5 Relationship Insights We’ve Learned as Divorce Lawyers

If I only knew then what I know now.

Despite our own mistakes, and the many we have seen, we are still believers in love and commitment. For every client we’ve helped through a messy breakup, we’ve had the privilege of hearing their story. We’ve listened, analyzed, and agonized with them (and sometimes on our own time too) and have learned just a few tips that we all might want to consider before saying “I do” — and if it’s too late if your partner has already filed divorce, we’ve got a few tips for you too so that you remain in integrity throughout your separation in an effort to ‘consciously uncouple'(a term that we had so much affection for until Gwyneth exploited it).

1. The communication issues you have in marriage don’t magically go away when you separate. If you’ve got kids to co-parent, counseling post-separation is often far more effective than battling it out in court when you’ve got a disagreement about raising your children. You may have separate lives now but you’ve still got to deal with the other and let’s face it – conflict is just not fun. By now you’ve learned you aren’t going to change the other person but it doesn’t mean you can’t find common ground and learn tools to overcome differing parenting styles.

2. Think prenup before a second marriage. Cynical? Maybe. But at least you begin the conversation that you may not have ever had in marriage #1. Like whether or not there is an expectation that one or both parties will work. Will savings be considered joint? Is either party bringing debt into the relationship? Will assets be acquired jointly? Will assets that have already been acquired continue to be the separate property of the spouse who purchased them? Compatibility is key for long-term relationships and let’s face it, money management can be a fire starter. Understanding your partner’s financial goals (or lack thereof) is a helpful component of a relationship.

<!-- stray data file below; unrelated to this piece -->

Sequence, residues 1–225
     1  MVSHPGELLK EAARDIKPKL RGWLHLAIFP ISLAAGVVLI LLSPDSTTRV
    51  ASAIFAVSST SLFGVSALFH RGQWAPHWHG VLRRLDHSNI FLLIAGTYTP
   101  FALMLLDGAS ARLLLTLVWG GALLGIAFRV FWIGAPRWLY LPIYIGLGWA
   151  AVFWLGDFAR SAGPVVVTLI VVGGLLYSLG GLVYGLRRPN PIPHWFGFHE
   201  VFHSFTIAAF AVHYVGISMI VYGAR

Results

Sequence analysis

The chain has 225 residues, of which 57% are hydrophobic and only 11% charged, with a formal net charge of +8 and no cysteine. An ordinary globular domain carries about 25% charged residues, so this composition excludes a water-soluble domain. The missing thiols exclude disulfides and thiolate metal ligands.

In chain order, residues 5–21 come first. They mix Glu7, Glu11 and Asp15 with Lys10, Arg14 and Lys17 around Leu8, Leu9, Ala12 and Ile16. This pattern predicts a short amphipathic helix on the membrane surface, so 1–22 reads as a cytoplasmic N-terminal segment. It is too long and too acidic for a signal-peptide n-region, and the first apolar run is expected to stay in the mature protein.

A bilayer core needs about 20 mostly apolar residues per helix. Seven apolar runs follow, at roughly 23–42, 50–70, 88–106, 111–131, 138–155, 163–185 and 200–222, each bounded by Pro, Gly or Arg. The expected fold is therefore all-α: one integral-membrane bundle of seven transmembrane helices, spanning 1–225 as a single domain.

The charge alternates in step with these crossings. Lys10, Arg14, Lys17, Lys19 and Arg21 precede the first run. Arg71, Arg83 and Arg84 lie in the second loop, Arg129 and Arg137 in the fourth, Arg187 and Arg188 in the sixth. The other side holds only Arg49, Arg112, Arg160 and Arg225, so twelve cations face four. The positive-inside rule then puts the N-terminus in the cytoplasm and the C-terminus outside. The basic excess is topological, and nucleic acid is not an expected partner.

3. Silence is (not) golden. Our clients often admit to having been terrible communicators in their relationships. We had one client say that he couldn’t remember the last time his wife asked about his day. He took it personally and felt shut-out. Be a good conversation partner, thought partner, laughter partner — and it may strengthen your bond.

4. Issues of your soul matter. One of the biggest breakdowns in the relationships we see — is a fundamental difference in moral values. Common beliefs bind people together and keep priorities (like family and money) aligned. It feels good to be part of a ‘team’ and work together towards a common goal. Apparently, core values don’t waiver and when our clients have felt ‘compelled’ to change, they’ve ended up resentful and lonely.

5. Don’t take me for granted! Your spouse is not perfect and neither are you. That’s ok. We’ve seen countless couples reconcile mid-way into a divorce and the relationships that seem to last (after such a difficult ordeal) are the ones where there was truly respect and admiration for each other. Once these couples realized that they could lose their partner, they became committed to the hard work, because they know that it’s worth it. Life without the other just isn’t as sweet.

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